Doe v. Heil et al
ORDER granting in part and denying in part 27 Plaintiff's Motion to Amend Judgment. by Chief Judge Wiley Y. Daniel on 3/26/2010.(erv, )
IN THE UNITED STATES DISTRICT COURT FOR THE DISTRICT OF COLORADO Chief Judge Wiley Y. Daniel Civil Action No. 08-cv-02342-WYD-CBS JOHN DOE, Plaintiff, v. MARGARET HEIL, in her official capacity as Acting Manager of the Colorado Department of Corrections Sex Offender Treatment and Monitoring Program; and ARISTEDES ZAVAROS, in his official capacity as Executive Director of the Colorado Department of Corrections, Defendants. ORDER ON MOTION TO AMEND JUDGMENT THIS MATTER comes before the Court on Plaintiff's Motion to Amend Judgment and Brief in Support Thereof (filed October 5, 2009). A response was filed on October 27, 2009, and a reply was filed on October 28, 2009. Plaintiff's motion was filed within ten (10) days of entry of judgment, which was entered on September 30, 2009. Accordingly, it is properly addressed under Fed. R. Civ. P. 59(e). Plaintiff's motion essentially seeks reconsideration of the Court's Order of September 28, 2009, which granted Defendant's motion to dismiss on the basis that Plaintiff's claims were barred by the applicable two-year statute of limitations. There are three major grounds that justify reconsideration under Rule 59(e): "(1) an intervening change in the controlling law; (2) new evidence previously unavailable; and (3) the need to correct clear error or prevent manifest injustice." Servants of Paraclete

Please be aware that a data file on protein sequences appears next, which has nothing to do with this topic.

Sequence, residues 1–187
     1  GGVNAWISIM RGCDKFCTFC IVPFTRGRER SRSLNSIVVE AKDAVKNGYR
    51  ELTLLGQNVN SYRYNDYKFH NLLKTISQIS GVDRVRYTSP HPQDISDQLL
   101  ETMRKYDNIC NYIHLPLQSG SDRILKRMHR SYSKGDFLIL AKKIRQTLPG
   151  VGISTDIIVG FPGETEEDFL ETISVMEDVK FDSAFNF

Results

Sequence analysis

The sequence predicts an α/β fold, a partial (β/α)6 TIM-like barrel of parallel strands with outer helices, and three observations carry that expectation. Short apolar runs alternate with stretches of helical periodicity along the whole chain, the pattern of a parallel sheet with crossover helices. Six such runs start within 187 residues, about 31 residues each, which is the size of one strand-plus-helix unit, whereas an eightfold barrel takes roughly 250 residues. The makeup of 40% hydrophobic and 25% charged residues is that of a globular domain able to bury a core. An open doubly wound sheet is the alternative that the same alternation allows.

v. Does, 204 F.3d 1005, 1012 (10th Cir. 2000). "Thus, a motion for reconsideration is appropriate where the court has misapprehended the facts, a party's position, or the controlling law." Id. A motion for reconsideration "is not appropriate to revisit issues already addressed or advance arguments that could have been raised in prior briefing." Id.; see also Mantle Ranches, Inc. v. U.S. Park Serv., 950 F. Supp. 299, 300 (D. Colo. 1997)("`a motion for reconsideration is not a license for a [party] to get a `second bite at the apple'" and make legal arguments that could have been raised before"). Turning to my analysis, I first note that Plaintiff does not specifically challenge my findings that claims involving his termination from the sex-offender treatment program are time-barred. Even if he is challenging these findings, I find no basis for amendment of my Order on this issue. The termination from treatment as pled in the Amended Complaint relates to Plaintiff's failure to pass polygraphs per a policy that polygraphs must be taken and passed as part of treatment. The Amended Complaint plainly alleges that Plaintiff was terminated based on his failure to pass the polygraphs on February 3, 2005, and that he has been kept out of treatment since that date for failing the polygraph. (Am. Comp., ¶¶ 19-20.) Based on these allegations, Plaintiff plainly knew or should have known in February 2005 of his injury related to termination from sex offender treatment based on Defendants' policies. Since his Complaint was filed more than two years later, on October 29, 2008, all claims related to this issue are timebarred and my previous Order stands on that issue. I now turn to Plaintiff's real contention in his motion. Plaintiff asserts that he has pled facts sufficient to allow the Court to draw a reasonable inference of harm stemming